Helen Lundeen Whittemore, 81, who ran a wallpapering business in Washington while acting as a muse to her husband, Reed Whittemore, a two-time poet laureate of the United States, died April 16 at the Washington Home hospice in the District.

The cause was complications from chronic obstructive pulmonary disease, said her daughter Daisy Whittemore. Reed Whittemore, who taught literature at the University of Maryland for nearly two decades until his retirement in 1984, died April 6 at 92.

The Whittemores met in the early 1950s at Carleton College in Northfield, Minn., where he was teaching and she was a student (although not in his class). They married in 1952 and moved to the Washington area in 1964 at the beginning of his first term as poet laureate, a post then known as “consultant in poetry” to the Library of Congress. He held the job again from 1984 to 1985, by which time the family had settled in College Park.

In the 1970s, Mrs. Whittemore opened a catering-turned-decorating business with Barbara Gale, a friend and fellow Minnesota transplant. “At one time,” Reed Whittemore once told The Washington Post, his wife “hung most of the wallpaper in Georgetown.”

Mrs. Whittemore joked that the sweaty business of wallpapering removed her from the more rarefied literary milieu, where she was her husband’s “muse and . . . manager,” as their daughter put it.

“The job of the wife of the creative person is to shield him from the slings and arrows — to minister to him,” Mrs. Whittemore told the New York Times in 1976.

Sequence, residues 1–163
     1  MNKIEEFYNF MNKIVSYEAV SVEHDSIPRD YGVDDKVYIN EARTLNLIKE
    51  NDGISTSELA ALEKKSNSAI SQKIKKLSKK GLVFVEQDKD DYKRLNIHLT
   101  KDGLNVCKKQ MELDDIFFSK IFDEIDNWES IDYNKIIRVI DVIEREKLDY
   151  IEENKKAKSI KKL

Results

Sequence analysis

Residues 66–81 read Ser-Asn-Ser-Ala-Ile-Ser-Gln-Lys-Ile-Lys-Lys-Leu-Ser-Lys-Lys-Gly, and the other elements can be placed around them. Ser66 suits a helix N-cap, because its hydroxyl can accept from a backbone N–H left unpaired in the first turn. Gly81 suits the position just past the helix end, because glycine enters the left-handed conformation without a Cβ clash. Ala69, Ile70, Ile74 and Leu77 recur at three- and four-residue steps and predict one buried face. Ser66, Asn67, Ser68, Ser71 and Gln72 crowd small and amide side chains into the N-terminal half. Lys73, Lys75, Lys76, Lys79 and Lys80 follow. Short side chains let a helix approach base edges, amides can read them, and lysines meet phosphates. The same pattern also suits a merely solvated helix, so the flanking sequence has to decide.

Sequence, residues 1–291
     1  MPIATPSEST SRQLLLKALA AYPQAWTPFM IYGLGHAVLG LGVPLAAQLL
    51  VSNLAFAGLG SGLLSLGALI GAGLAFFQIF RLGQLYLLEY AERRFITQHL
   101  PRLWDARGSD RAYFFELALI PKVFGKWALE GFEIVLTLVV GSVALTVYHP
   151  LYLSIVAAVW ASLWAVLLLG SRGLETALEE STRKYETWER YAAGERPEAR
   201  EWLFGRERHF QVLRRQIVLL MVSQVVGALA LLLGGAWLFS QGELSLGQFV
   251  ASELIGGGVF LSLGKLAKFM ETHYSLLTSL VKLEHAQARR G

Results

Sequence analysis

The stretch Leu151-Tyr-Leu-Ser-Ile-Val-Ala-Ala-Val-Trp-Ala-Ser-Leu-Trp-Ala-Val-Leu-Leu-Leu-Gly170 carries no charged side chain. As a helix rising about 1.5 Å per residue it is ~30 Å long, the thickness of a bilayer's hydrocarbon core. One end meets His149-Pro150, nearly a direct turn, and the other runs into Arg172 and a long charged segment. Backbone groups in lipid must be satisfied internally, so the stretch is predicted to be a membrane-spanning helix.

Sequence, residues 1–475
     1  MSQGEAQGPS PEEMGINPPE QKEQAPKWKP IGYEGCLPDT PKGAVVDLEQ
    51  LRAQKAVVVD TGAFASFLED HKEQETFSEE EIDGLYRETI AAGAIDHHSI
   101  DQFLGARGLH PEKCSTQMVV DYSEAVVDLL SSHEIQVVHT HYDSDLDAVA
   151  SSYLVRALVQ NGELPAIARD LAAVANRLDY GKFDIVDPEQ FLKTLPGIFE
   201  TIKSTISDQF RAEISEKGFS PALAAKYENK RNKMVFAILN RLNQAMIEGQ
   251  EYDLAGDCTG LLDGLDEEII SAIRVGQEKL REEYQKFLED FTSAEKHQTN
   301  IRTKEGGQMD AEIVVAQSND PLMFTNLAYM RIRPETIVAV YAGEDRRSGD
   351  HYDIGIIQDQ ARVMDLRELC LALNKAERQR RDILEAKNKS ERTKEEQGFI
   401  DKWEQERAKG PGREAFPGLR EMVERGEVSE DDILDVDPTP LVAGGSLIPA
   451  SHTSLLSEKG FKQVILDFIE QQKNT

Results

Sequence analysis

She added, however, that certain types of wifely ministering had disappeared with her generation of women. “The kids still get mashed potatoes from scratch,” she said, “but we aren’t exactly standing on the doorstep anymore with the martinis waiting.”

Many of Reed Whittemore’s books were dedicated “To Helen.”

Mrs. Whittemore, too, had a poetic sensibility that emerged in her letters to friends.

“She had her own style, her own code,” said Garrison Keillor, host of the radio variety program “A Prairie Home Companion” and a friend of Mrs. Whittemore’s. “Lots of lowercase. Lots of ampersands, and her own grammar. She was, I don’t know, the e.e. cummings of correspondence.”

Helen Joan Lundeen was born April 13, 1931, in Fergus Falls, Minn., and had a lifelong fascination with the decline of Minnesota farms. In the 1980s, she self-published a book of photographs showing old homesteads in ruin. She made clothes from vintage fabrics, including old tablecloths, and sold the items in trunk shows in the Washington area.

Survivors include three children, Cate Whittemore of Putnam Valley, N.Y., Edward “Ned” Whittemore III of Costa Mesa, Calif., and Daisy Whittemore of Kensington; a sister, Ruth Saxe of the District; two brothers, David Lundeen and Victor “Buzz” Lundeen, both of Fergus Falls; and six grandchildren. Her son Jack Whittemore died in 1997.